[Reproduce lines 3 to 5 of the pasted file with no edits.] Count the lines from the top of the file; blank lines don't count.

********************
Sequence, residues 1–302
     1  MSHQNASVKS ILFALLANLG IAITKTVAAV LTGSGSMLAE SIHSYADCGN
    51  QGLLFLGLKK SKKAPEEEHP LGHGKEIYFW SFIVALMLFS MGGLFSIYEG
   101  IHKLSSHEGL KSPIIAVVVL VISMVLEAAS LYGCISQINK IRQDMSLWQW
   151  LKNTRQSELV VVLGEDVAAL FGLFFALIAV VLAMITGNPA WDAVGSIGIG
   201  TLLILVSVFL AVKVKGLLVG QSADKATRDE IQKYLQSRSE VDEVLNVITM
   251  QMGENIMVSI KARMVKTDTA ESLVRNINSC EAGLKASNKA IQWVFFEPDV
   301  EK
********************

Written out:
    51  QGLLFLGLKK SKKAPEEEHP LGHGKEIYFW SFIVALMLFS MGGLFSIYEG
   101  IHKLSSHEGL KSPIIAVVVL VISMVLEAAS LYGCISQINK IRQDMSLWQW
   151  LKNTRQSELV VVLGEDVAAL FGLFFALIAV VLAMITGNPA WDAVGSIGIG